Daily Independent (Ashland, KY)


March 1, 2010

Watch out for West

School designated for academic excellence

OLIVE HILL — Teachers at West Carter Middle School have learned to gauge student success on an individual basis, according to Teena Liles.

�Success for a gifted student is different from success for a struggling student,� said Liles, who teaches eighth-grade reading at West Carter.

Being in tune with students is part of the formula that makes West Carter a Kentucky School to Watch, Liles believes. The designation, awarded by the Kentucky Forum to Accelerate Middle Grades Reform, acknowledges academic excellence, responsiveness to the needs and interests of students, and commitment to high student achievement.

To Liles, that boils down to a culture that values relationships between teachers and students, teachers and administrators, and administrators and students.

The result is a sense of community, according to math teacher Erica Perkins. Faculty in particular work together, both at their grade level and in departmental teams.

Teams dissect core content requirements to build class activities and assessments, she said. For instance, a core content requirement for math may call for learning to calculate with fractions, but that requires multiple operations like simplifying, finding least common denominator, and converting to mixed numbers, she explained.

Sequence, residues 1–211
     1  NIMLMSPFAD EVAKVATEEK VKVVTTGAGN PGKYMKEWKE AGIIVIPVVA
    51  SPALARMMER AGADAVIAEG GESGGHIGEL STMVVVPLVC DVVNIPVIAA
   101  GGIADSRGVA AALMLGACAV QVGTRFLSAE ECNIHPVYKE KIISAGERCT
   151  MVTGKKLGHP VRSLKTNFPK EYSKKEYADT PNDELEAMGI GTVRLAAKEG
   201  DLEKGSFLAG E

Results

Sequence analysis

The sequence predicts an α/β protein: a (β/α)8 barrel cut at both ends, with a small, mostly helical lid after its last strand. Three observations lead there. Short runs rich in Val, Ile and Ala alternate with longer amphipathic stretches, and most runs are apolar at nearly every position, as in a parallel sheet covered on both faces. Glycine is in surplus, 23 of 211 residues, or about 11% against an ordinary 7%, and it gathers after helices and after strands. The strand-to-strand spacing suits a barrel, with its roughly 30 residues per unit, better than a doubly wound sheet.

Grade level teams make a point of lunching together to discuss teaching strategies and department teams meet after school, she said.

A mentor program at West Carter assigns each faculty member with two to five students who may need extra attention, Perkins said. That could be because of academic, social, emotional or family issues, she said.

Rigorous academic requirements are expected in the classroom, and one motivational tool teachers use is competition, Liles said. Students know the classroom averages of other classes, so their teachers challenge them to beat that average in their own room, she said.

Also, the school has beefed up its technology over the past three years, Liles said. For instance, she uses an electronic tablet connected to her laptop and the classroom smartboard. What she writes on the tablet appears on the board.

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